Seeking Alpha

Larry Meyers

 
View as an RSS Feed
View Larry Meyers' Comments BY TICKER:
Latest comments  |  Highest rated
  • 3 Must-Buy Dow Stocks For 2013 [View article]
    Thanks so much for that backhanded political criticism, Goalkick. It really contributes to the discussion of, you know, THE STOCK.

    But you loooove to bash me for my political opinions. So by all means, keep it up so we can all ignore your silly rants.
    Jan 3 10:57 PM | 1 Like Like |Link to Comment
  • Netflix's Original Programming Will Not Make Any Difference [View article]
    Andrew, that just isn't true. The networks have been in the business much much longer than Netflix and have an 85% failure rate.

    There is nothing that separates it from other streaming devices. That's my point.
    Nov 2 05:58 AM | 1 Like Like |Link to Comment
  • EZCORP: A Great Value Play [View article]
    There is tremendous growth, particularly in the pawn market in Mexico.
    Oct 29 01:47 AM | 1 Like Like |Link to Comment
  • An Investment Opportunity With 50%-Plus Potential: World Acceptance Corp. [View article]
    Badgold, you are wrong in several ways.

    The company charges a legal rate of interest under which consumers make a free choice whether or not to engage in.

    Pawn is permitted in almost every state, payday loans in 31 states.

    Military have not been permitted to use payday loans in several years, due to the Talent Amendment.

    CLients cannot be forced to do anything.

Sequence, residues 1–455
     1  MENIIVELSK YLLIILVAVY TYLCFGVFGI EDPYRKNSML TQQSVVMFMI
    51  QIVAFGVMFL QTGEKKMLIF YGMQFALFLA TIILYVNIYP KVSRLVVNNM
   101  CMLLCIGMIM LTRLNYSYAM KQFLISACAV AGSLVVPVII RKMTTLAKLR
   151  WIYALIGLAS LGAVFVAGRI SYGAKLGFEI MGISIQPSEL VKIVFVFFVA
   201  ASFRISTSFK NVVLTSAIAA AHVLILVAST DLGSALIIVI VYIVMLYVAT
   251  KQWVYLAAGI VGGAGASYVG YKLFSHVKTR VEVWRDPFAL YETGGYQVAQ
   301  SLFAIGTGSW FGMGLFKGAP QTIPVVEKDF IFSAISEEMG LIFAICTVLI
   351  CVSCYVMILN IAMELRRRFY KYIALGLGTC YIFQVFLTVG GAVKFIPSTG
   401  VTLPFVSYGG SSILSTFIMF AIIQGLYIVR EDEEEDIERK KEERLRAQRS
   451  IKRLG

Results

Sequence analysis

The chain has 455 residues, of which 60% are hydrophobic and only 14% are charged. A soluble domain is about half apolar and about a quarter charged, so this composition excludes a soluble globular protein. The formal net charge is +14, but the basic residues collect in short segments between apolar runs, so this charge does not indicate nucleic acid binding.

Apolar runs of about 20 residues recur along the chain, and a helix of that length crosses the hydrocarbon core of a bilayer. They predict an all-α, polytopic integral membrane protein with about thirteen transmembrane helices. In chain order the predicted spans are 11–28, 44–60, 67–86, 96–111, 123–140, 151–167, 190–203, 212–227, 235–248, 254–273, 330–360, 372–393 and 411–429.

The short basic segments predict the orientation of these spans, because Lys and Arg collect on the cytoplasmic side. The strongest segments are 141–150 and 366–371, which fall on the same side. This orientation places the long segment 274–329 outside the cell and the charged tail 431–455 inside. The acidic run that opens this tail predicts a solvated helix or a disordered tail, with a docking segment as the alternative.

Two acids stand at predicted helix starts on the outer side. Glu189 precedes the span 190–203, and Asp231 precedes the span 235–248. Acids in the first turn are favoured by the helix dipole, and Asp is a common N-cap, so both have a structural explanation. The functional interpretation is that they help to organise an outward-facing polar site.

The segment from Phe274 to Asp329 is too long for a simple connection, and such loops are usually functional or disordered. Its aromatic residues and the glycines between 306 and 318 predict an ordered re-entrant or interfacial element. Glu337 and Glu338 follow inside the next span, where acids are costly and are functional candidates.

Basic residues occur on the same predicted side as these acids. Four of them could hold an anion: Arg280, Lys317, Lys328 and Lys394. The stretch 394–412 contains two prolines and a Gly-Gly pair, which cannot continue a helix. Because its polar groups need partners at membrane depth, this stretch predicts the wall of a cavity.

The only odd thing is your lack of understanding.

    Folks might be interested in a new fact-based website that cropped up:

    http://bit.ly/RRfmkv

    Good, smart, fair analysis. Suggest you check it out.
    Oct 22 10:57 PM | 1 Like Like |Link to Comment
  • 2 Required Holdings For Any Fixed Income Portfolio [View article]
    Ralph -- good question. If every SA writer held every stock we wanted to hold, we'd all be running mutual funds.
    Jul 8 03:44 PM | 1 Like Like |Link to Comment
  • Is It Time To Short Gold? [View article]
    A very good alternative that I've considered many times. Thanks.
    Jul 3 12:36 AM | 1 Like Like |Link to Comment
  • Is It Time To Short Gold? [View article]
    noneleft,
    Your assessment is presented concisely and intelligently.
    Jul 3 12:36 AM | 1 Like Like |Link to Comment
  • Is It Time To Short Gold? [View article]
    Yes, I think you may be right about this, Sheik. Lucky Lenny, I do agree with your sentiments. I just don't know how much more it can all be baked into gold prices.
    Jul 3 12:33 AM | 1 Like Like |Link to Comment
  • EZCorp: Very Cheap, But Read The Fine Print First [View article]
    Igor,
    It is not necessary to be defensive. Your DCF analysis is stellar and correct. I was not trying to nit-pick, but rather to educate and inform both you and your readers. Your facts are wrong. And yes, they are facts, not matters of opinion. I should know -- I've been in the payday-pawn business for ten years.

    These facts are important. They are important to readers, to policymakers, to investors, and to many people inside the industry. Too often the industry is misrepresented by opponents. The last thing they need is further misrepresentation by someone who is not educated on all aspects of the business.